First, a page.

Long-term treatment of genital herpes with the drug acyclovir does not reduce the incidence of new HIV infections. This unwelcome and surprising news was revealed during the International AIDS Conference in Mexico City, which concluded last Friday.
Dr. C. Celum of the University of Washington, Seattle, reported on results obtained from a multi-center trial which evaluated the effects of acyclovir. The trial included 1,814 gay men who have sex with men from Peru and the United States. Also included were 1,358 women from Zimbabwe, Zambia and South Africa who were infected with the herpes simplex virus type 2 (HSV-2), but not HIV.
During the trial one group received acyclovir and a second group received a placebo tablet. When the trial finished it was found that the incidence of genital ulcers was significantly lower in the group who took acyclovir, but the incidence of HIV infection was the same in both groups.
The findings have disappointed researchers because prior infection with HSV-2 had been reported to increase the risk of HIV many fold. The findings have forced a conclusion that long-term treatment of genital herpes with acyclovir will not reduce the rate of HIV infection.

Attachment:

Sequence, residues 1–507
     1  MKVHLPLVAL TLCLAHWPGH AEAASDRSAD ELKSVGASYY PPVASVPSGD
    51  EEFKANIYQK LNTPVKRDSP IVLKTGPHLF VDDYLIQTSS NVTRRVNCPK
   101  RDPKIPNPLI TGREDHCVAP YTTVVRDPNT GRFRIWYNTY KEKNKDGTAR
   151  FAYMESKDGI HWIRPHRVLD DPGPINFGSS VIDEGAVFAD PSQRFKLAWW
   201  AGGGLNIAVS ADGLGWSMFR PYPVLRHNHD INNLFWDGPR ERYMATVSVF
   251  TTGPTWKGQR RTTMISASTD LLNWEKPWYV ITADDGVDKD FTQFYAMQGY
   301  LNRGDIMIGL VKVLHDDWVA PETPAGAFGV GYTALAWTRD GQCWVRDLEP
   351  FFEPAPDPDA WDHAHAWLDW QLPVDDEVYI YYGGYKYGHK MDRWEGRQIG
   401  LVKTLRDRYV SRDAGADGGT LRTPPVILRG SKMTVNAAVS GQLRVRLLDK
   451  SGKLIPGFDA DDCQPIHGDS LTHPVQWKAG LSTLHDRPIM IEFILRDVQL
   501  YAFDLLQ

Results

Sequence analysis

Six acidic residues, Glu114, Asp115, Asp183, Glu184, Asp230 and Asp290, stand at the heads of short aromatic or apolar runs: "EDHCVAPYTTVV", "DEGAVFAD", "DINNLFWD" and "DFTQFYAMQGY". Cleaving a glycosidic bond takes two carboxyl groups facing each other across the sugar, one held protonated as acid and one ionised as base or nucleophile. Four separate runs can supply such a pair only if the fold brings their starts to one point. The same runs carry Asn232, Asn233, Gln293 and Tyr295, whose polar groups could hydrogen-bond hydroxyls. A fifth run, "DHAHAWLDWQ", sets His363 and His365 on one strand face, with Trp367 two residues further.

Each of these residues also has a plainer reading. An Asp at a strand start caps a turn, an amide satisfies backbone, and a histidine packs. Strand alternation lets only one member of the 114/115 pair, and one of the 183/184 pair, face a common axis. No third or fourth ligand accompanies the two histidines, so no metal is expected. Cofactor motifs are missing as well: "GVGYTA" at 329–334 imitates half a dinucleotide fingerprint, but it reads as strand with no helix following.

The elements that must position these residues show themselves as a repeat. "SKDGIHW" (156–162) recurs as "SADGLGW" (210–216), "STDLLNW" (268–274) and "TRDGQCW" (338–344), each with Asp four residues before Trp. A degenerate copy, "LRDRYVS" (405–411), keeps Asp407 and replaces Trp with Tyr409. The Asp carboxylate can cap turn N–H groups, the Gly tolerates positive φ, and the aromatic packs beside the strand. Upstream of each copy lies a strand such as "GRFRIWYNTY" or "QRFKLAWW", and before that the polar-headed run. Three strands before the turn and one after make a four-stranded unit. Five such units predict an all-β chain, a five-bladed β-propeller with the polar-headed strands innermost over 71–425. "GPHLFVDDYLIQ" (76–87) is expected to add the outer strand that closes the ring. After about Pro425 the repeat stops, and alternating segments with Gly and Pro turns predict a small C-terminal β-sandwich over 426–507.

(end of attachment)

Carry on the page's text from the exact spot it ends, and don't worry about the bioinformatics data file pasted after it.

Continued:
Reports currently show that herpes rates are highest in women, gay men and black people. It is now estimated that genital HSV-2 infects at least 45 million Americans from age 12 upwards. Whereas genital herpes had previously been considered a risk factor for HIV infection, these results mean that genital herpes is better thought of as a marker or facilitator of the spread of the HIV virus.
Not everyone is convinced that this is the end of the story. An alternative explanation put forward is that the interventions used against HSV were simply not potent enough for the desired effect.
More information about the International AIDS Conference can be found by visiting their website
Jerry Kennard is a psychologist & co-founder of www.embarrassments.co.uk
Published On: August 21, 2008